Tag Archives: autumn

Fall into a Great Book …

…with the New Fall 2010 Staff Picks!

Looking for a great book?  Let our staff suggestions guide you in your search for that perfect Autumn read.  Check out the New Fall 2010 Staff Picks now on display on the 2nd floor.  Reviews for the selected titles can also be found on display.  Titles such as the following were recommended by various staff members throughout the building.

Broken Jewel by David L. Robbins

“Robbins’s ninth novel, the best WWII Pacific campaign novel in a long time, tells the dramatic story of the 1945 rescue of 2,100 American and allied prisoners from the Los Baños camp near Manila.” (From Publishers Weekly)

Recommended By: Susan Santa, Readers’ Services Librarian

Friday Night Lights by H.G. Bissinger

“With frankness and compassion, H. G. Bissinger chronicles a season in the life of Odessa and shows how single-minded devotion to the team shapes the community and inspires—and sometimes shatters—the teenagers who wear the Panthers’ uniforms.”   (From the Publisher)

Recommended By: Kalpana Mehta, Reference Librarian

A Mountain of Crumbs by Elena Gorokhova

“ Elena Gorokhova grows up in 1960’s Leningrad where she discovers that beauty and passion can be found in unexpected places in Soviet Russia.”   (From the Publisher)

Recommended By: Jackie Ranaldo, Readers’ Services Librarian

The Physick Book of Deliverance Dane by Katherine Howe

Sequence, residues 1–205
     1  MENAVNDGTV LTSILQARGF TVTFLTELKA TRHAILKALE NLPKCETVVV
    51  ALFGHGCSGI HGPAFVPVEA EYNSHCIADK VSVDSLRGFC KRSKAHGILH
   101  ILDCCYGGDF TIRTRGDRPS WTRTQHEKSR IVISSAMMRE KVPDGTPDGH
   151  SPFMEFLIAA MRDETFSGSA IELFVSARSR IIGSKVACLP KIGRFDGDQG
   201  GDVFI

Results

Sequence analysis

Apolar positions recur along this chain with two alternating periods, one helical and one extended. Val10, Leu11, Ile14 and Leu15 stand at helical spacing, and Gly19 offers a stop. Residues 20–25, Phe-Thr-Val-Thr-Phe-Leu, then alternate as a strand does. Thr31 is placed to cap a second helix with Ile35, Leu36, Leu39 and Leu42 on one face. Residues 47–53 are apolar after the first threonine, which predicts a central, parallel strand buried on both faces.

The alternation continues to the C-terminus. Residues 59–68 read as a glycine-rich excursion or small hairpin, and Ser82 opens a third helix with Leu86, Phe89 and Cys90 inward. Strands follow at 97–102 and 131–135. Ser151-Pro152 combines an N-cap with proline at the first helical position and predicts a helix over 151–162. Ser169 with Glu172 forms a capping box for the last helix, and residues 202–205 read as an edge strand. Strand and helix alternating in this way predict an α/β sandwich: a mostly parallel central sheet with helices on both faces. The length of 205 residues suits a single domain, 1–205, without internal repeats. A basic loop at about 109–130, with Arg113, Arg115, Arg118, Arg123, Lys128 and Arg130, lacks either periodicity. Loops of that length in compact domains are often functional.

“Howe’s novel moves back and forth between the summer of 1991 in Salem, Mass., and the 17th-century witch trial era, as college student Connie Goodwin chances upon a mysterious book written by the elusive Deliverance Dane.”   (From Publishers Weekly)

Recommended By: Evelyn Hershkowitz, Librarian Trainee

Hope you enjoy our favorites as much as we did.  Happy Reading!

– posted by Jackie, Readers’ Services

Gardening in the Fall

It is that sad time of year for me.  The mums are colorful, the Autumn Joy sedem creates a graceful background  and the red, yellow, and bronze leaves are beautiful.  But the annuals in the garden should all be pulled out and put into the compost pile.

The autumn garden just does not have the variety of color and textures of spring and summer!

But rather than bemoan the deficiencies of my garden, I will focus on the future.  First, I will rake those leaves! Besides getting good exercise, I will be able to enrich my garden soil by adding the raked leaves to the compost pile. The library has some useful books on composting, Easy Composting by Jeff Ball and The Rodale Book of Composting edited by Martin and Gershuny.  If you need a primer on beginning your own compost pile, try the EPA website.

And I will plan the garden of 2010.  There were areas of my garden that lacked color and variety; I will get out my notes and plant what I can now…and then plan for spring plantings.

Spring blooming bulbs can be planted as long as the soil is not frozen.  I will put in some more crocus, daffodil and tulip bulbs.  Did you know there was a tulip craze when they were first introduced from Turkey?  In the  17th century the demand  for  new tulip varieties drove up prices and even common people wanted to participate in the ever rising profits; eventually, the price crashed – shades of our economic turmoil!